A brief explanation of dizziness and Long Covid

Hundreds of biomedical studies now show that the virus attacks multiple bodily systems, not just the respiratory system. A common symptom of Covid-19’s impact on the neurological system is dizziness. There can be many sub-causes for the dizziness, but for most Kowheori Roa | Long Covid patients, dysautonomia is likely to be the cause – a dysfunction with the autonomic nervous system (see sidebar for explanations).

Some people seem to have a predisposition towards dysautonomia, and people with pre-existing dysautonomic conditions also seem to be at risk of developing further complications following a Covid-19 infection. There is also a suggestion that prolonged bed rest and a decrease in blood volume during an initial Covid-19 infection may contribute to difficulties with blood pressure.

Dizziness is a common symptom of Postural Orthostatic Tachycardia syndrome (POTS) which is a common syndrome that occurs alongside Long Covid.

In my experience

I began experiencing bouts of dizziness and nausea in the acute phase of my Covid-19 infection. That led to a fairly dramatic collapse at the doctor’s surgery, and again at the emergency department. After ruling out acute heart or lung problems, the hospital sent me home to self-manage with tautoko | support from my GP. They didn’t really seem to know how to āwhina | help, other than to recommend I rest and wait.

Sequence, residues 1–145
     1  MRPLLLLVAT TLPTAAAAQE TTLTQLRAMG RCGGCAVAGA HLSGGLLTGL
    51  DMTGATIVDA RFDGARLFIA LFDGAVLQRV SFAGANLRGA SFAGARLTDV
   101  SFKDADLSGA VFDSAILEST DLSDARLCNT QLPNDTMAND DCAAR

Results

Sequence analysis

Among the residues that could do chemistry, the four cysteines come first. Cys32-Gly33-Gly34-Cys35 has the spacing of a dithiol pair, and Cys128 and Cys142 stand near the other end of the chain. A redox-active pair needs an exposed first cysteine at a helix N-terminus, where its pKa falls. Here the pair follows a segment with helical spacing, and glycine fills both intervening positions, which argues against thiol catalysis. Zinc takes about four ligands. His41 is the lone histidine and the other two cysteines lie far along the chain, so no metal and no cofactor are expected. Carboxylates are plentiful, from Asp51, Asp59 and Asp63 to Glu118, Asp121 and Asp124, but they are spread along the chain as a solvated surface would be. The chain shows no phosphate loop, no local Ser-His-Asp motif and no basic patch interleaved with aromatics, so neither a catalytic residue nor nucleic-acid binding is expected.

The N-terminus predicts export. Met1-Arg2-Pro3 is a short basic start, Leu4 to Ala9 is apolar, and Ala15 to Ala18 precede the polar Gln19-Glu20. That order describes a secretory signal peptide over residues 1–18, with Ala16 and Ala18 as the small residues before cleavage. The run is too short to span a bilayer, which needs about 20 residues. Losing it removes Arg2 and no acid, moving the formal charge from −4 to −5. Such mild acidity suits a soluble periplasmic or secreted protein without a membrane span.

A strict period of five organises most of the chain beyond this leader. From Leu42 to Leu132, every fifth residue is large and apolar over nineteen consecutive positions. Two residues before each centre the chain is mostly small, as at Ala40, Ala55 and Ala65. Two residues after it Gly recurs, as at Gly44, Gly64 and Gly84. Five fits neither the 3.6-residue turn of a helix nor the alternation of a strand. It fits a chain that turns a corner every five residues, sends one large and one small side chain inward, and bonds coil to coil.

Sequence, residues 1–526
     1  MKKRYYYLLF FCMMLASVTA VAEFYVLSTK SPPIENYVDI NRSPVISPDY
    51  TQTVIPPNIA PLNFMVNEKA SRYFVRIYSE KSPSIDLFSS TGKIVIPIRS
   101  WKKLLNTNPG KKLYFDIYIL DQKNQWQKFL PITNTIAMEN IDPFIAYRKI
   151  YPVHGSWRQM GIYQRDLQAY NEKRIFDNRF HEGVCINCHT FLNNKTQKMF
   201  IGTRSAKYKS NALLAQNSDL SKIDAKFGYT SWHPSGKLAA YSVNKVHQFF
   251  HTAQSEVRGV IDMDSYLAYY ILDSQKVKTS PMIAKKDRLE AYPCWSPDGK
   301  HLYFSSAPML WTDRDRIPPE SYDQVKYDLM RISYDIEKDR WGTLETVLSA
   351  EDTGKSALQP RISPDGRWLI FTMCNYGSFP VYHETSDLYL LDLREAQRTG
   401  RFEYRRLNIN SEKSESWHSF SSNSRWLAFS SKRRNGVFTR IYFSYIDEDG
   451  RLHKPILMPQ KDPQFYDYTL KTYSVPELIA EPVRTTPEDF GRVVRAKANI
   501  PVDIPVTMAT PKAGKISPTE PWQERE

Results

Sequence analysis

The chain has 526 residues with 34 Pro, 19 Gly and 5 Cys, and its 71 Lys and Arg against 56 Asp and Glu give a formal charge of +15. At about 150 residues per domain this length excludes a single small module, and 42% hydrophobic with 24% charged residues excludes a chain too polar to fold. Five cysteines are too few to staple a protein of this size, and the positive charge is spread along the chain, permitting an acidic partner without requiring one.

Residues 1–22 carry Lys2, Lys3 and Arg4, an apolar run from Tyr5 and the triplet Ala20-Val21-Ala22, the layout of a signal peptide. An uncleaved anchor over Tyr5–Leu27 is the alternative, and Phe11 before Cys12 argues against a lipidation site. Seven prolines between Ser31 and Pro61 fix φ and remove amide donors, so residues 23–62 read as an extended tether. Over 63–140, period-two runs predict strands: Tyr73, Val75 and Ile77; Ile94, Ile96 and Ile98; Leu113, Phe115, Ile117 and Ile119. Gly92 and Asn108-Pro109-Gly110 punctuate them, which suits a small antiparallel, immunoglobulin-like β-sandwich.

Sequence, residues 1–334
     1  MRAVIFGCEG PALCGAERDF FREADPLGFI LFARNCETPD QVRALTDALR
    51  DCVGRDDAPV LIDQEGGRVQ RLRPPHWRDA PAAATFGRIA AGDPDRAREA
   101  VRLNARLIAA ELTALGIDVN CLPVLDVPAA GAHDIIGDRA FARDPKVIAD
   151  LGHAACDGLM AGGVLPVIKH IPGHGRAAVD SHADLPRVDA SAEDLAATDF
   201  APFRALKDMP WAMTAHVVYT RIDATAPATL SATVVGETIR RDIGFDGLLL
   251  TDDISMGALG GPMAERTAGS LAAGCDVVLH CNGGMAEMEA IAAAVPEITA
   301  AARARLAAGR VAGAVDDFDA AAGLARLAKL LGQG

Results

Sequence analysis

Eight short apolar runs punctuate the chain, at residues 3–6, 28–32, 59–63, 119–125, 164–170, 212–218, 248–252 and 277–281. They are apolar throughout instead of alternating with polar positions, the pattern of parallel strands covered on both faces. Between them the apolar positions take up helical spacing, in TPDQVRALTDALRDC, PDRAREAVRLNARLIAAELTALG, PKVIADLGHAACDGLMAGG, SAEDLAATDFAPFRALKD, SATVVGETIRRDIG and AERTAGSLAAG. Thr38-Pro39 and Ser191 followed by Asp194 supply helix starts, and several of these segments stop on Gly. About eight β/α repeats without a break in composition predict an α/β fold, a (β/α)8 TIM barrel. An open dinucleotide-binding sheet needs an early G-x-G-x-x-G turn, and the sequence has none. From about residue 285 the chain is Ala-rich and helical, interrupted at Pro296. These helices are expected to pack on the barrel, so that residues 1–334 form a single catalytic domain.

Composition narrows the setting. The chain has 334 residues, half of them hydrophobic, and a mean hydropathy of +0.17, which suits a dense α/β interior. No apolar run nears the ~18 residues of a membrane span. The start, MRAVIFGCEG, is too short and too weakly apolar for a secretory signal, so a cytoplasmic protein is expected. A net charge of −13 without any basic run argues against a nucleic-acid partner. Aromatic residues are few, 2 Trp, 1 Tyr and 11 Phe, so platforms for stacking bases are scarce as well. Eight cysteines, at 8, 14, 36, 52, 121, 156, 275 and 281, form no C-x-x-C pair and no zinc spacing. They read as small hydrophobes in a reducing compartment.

Many of my post-viral symptoms have improved, but the ones likely to be related to dysautonomia remain, including the dizziness. Standing still for long periods makes it worse. Also, my body over-reacts to emotional stress and I’m still at risk of fainting, particularly from triggers such as heat.

What others say it feels like

Most people stress how nauseating and discombobulating dizziness is:

“When I was bad, I was so dizzy I couldn’t walk and had to crawl to the bathroom… My dizziness was linked with a super-fast heart rate. That was very scary and I’m super-glad it has settled now.” – Jessica